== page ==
Qatar's foreign policy: the limits of pragmatism



    1. Co-founding Head of the Program on Arab Reform and Democracy at Stanford University's Center on Democracy, Development, and the Rule of Law, a policy-relevant research programme launched in January 2010.
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    • The author thanks Danny Buerkli for research assistance on this article, and Izzat Darwazeh, Alex de Waal and the journal's reviewer for valuable comments.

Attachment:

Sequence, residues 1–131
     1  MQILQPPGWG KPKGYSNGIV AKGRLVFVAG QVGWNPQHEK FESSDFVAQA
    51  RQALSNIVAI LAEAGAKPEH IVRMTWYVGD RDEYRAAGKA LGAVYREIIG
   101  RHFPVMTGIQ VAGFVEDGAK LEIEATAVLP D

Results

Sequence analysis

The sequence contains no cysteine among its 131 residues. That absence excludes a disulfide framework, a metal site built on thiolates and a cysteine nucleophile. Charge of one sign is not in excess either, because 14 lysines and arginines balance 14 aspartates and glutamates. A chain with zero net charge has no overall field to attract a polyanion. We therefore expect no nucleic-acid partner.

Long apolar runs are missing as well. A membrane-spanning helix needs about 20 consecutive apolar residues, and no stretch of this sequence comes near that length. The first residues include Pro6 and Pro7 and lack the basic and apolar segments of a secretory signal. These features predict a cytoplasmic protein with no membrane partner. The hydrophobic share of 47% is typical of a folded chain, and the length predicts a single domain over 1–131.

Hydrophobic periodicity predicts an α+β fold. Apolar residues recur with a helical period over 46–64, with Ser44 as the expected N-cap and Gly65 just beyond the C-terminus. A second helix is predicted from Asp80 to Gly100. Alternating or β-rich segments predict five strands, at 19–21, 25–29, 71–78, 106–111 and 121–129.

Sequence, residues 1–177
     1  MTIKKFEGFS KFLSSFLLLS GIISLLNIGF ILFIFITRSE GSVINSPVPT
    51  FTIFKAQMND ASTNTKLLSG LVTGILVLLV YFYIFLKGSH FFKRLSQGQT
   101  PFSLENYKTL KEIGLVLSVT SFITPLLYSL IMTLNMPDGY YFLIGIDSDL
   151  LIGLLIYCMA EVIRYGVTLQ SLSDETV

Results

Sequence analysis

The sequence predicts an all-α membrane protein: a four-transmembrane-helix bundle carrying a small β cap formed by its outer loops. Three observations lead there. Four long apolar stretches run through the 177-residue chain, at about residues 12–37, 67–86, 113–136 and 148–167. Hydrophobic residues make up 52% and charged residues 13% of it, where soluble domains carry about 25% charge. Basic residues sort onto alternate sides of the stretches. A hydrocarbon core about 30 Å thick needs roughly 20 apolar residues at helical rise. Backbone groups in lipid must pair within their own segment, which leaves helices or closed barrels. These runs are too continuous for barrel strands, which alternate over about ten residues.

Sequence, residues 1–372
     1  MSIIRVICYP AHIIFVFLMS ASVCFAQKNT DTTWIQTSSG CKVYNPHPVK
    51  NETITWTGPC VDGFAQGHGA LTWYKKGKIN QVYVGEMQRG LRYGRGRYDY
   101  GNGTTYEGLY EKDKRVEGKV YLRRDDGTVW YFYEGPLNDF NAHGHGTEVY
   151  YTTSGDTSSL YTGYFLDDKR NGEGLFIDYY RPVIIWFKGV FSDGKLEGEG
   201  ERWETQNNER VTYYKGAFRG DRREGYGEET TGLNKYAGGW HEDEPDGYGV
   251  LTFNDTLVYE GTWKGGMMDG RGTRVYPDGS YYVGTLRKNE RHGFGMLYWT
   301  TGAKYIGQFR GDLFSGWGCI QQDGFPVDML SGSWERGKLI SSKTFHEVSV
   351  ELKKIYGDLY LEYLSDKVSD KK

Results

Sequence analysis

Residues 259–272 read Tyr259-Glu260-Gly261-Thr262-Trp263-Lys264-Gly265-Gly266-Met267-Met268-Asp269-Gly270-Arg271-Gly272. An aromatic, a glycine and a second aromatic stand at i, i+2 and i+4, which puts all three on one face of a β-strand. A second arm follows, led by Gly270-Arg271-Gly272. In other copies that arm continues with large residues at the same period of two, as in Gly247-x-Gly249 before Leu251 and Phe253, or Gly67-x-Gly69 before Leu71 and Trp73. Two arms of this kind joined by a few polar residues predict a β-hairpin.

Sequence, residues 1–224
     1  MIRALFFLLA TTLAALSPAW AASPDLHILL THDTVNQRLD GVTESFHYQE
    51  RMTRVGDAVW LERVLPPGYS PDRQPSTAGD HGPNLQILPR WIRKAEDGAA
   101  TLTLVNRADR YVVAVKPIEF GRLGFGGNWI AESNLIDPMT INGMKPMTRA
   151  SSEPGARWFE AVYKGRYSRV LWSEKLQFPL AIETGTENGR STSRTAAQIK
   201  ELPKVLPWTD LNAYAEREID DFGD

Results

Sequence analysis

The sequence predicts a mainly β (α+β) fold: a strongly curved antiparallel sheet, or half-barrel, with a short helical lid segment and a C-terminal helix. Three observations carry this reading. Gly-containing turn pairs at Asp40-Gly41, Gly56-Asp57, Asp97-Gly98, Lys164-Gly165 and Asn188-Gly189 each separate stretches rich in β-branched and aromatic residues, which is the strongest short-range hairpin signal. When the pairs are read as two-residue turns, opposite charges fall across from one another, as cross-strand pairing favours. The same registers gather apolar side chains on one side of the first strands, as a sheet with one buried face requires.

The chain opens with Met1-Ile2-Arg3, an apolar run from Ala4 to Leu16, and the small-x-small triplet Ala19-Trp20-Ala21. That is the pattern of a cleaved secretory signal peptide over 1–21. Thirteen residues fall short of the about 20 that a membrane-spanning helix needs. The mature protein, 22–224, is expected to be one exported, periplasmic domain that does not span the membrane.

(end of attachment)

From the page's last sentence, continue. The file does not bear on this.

Qatar has become an Arab country with a high international profile and an ambitious foreign policy, particularly as a result of its role in the Arab Spring. It has cultivated a reputation as a political mediator and a key source of foreign aid. Following the Libyan uprising, Qatar demonstrated further political adaptability in leading regional action against the Gaddafi regime. However, this foreign policy does not appear to be built on long-term planning, but rather seems centred on opportunism and promiscuity as Qatar engages with multiple, often clashing, actors and plays the role of political maverick in the Middle East. This article assesses the key components of Qatari foreign policy, as well as public diplomacy, highlighting the potential implications of the lack of a coherent foreign strategy for the country, both on the domestic and external fronts. Domestically, Qatar faces increasing pressure for reform and the prospect of instability, both catalyzed by high centralization of decision-making with regard to Qatari policy. Externally, it risks overextending its network of political partners to involve potentially volatile actors, losing the credibility of its public diplomacy messages, and subsequently, international scepticism towards its foreign policy motives. Those domestic and external factors highlight the limits of relying on pragmatism in Qatari foreign policy and the need for long-term strategy if Qatar is to maintain its leadership role in the Middle East.